Editorials

Growth hormone: panacea or punishment for short stature?

BMJ 1997; 315 doi: http://dx.doi.org/10.1136/bmj.315.7110.692 (Published 20 September 1997) Cite this as: BMJ 1997;315:692

Learning to live with being short is more important for short normal children

  1. C G D Brook, Professora ([email protected])
  1. a London Centre for Paediatric Endocrinology, Great Ormond Street and the Middlesex Hospitals, London WC1N 3JH

After the nutrition dependent phase of fetal and infant growth has ended (towards the latter part of the first year of life) growth hormone secretion becomes the predominant controller of the rate of human growth.1 Almost any child given growth hormone in sufficient doses will grow more quickly, and dose-response curves for human growth hormone treatment have been with us for some years.2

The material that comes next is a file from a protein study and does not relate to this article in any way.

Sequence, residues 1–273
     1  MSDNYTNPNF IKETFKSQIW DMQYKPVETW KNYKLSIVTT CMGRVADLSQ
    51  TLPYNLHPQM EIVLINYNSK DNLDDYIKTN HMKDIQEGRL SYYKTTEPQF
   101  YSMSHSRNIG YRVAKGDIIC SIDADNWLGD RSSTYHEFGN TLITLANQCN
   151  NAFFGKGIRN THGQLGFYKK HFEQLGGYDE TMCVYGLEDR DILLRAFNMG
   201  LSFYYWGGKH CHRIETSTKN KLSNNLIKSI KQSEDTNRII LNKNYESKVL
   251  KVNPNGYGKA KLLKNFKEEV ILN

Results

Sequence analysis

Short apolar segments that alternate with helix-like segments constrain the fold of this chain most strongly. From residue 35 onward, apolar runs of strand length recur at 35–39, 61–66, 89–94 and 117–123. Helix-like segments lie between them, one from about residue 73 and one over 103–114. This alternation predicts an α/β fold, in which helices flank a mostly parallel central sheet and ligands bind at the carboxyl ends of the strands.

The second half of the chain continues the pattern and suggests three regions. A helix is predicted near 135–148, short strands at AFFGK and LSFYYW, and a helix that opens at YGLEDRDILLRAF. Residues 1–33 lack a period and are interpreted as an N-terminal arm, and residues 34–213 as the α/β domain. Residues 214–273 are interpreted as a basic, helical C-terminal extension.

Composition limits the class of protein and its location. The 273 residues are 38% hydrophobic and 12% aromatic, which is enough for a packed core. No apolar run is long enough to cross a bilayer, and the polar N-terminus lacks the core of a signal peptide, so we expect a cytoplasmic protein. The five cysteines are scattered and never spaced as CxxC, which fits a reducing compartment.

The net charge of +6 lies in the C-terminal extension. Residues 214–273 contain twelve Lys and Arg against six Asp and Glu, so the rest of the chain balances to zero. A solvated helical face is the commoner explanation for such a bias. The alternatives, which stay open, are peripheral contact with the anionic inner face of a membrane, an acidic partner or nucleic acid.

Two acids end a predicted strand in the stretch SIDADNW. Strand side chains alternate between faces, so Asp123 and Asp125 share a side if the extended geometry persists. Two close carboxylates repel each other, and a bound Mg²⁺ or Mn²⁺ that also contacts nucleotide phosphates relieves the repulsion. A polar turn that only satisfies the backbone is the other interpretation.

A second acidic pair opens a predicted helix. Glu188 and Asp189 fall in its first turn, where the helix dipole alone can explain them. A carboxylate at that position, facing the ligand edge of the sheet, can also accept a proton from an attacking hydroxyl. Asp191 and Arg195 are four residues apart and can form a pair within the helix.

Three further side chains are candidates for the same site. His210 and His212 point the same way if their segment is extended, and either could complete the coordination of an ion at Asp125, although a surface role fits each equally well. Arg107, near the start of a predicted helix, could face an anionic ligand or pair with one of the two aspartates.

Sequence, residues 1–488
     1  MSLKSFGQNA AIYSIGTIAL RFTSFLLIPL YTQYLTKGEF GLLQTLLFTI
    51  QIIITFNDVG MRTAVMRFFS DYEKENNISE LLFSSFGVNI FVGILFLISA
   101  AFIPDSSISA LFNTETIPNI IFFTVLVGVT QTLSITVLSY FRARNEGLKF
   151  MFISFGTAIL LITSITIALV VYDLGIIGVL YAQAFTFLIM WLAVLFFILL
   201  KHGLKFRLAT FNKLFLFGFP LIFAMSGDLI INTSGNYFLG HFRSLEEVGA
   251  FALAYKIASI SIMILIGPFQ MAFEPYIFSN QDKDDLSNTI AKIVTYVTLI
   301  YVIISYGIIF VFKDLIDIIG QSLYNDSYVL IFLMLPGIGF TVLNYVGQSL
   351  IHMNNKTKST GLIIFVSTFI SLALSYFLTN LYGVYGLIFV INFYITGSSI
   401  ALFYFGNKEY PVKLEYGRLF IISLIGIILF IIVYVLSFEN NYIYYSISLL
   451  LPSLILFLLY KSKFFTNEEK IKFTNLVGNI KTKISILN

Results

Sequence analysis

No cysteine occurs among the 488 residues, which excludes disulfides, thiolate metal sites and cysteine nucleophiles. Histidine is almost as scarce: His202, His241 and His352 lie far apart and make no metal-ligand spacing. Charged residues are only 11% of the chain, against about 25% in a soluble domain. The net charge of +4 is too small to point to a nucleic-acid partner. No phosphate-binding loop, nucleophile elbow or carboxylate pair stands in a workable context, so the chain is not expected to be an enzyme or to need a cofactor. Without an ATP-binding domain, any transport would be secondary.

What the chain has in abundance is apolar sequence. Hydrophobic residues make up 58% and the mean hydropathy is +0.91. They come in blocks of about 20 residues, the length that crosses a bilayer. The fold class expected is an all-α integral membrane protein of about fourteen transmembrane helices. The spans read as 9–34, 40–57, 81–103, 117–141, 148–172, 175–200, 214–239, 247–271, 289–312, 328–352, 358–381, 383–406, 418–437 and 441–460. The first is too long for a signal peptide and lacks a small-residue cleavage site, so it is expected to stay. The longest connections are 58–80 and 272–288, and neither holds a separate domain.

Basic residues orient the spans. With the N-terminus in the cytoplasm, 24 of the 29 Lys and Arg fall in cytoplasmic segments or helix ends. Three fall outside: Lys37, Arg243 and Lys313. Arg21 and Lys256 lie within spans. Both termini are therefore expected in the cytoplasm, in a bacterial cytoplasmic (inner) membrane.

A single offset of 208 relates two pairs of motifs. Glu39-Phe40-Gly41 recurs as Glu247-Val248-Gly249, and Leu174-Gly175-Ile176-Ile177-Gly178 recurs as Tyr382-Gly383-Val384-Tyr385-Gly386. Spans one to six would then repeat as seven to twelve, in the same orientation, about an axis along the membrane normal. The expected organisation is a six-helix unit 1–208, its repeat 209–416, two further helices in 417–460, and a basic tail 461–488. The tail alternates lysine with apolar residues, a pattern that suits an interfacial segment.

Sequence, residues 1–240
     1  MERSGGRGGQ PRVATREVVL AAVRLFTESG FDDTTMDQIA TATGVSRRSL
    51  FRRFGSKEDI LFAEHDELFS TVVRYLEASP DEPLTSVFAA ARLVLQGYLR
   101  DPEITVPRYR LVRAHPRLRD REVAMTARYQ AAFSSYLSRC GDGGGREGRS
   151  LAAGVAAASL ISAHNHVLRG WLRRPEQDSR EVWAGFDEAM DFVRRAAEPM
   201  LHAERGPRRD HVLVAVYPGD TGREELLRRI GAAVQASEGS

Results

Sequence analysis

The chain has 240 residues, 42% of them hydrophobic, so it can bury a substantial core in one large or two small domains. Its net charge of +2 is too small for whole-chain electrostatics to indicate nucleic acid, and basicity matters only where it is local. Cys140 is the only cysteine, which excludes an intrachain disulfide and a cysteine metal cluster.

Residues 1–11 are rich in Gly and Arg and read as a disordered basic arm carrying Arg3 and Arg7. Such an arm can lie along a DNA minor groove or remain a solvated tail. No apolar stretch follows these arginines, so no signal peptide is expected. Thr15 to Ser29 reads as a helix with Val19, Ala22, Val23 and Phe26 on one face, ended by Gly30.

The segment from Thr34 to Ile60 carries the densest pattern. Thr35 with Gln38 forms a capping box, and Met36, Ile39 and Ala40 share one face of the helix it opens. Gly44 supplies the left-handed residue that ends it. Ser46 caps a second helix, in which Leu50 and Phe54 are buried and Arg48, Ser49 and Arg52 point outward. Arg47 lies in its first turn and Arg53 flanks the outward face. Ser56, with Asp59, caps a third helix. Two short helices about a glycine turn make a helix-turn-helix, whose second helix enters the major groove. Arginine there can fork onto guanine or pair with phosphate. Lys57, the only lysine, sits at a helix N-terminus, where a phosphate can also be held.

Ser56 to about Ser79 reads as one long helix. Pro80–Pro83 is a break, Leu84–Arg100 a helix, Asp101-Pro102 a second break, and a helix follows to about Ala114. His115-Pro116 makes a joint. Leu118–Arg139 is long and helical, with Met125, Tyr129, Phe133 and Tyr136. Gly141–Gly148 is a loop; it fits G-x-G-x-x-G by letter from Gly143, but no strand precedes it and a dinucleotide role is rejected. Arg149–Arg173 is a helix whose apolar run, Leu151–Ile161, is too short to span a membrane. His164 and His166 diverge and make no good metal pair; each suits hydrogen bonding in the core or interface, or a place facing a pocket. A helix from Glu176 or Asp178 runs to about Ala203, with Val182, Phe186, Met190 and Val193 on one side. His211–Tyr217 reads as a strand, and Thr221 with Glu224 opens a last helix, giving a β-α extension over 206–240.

Although much has been written about the predictors of response to treatment, only final height really matters. The French study reported on page 708 by Coste et al is important because it is concerned solely with that end point.3 As the authors make clear, their study has all the merits (large numbers) and demerits (different data collection staff, reporting errors, different laboratories) of a register based study, but it shows clearly that those patients treated earliest do best—and …

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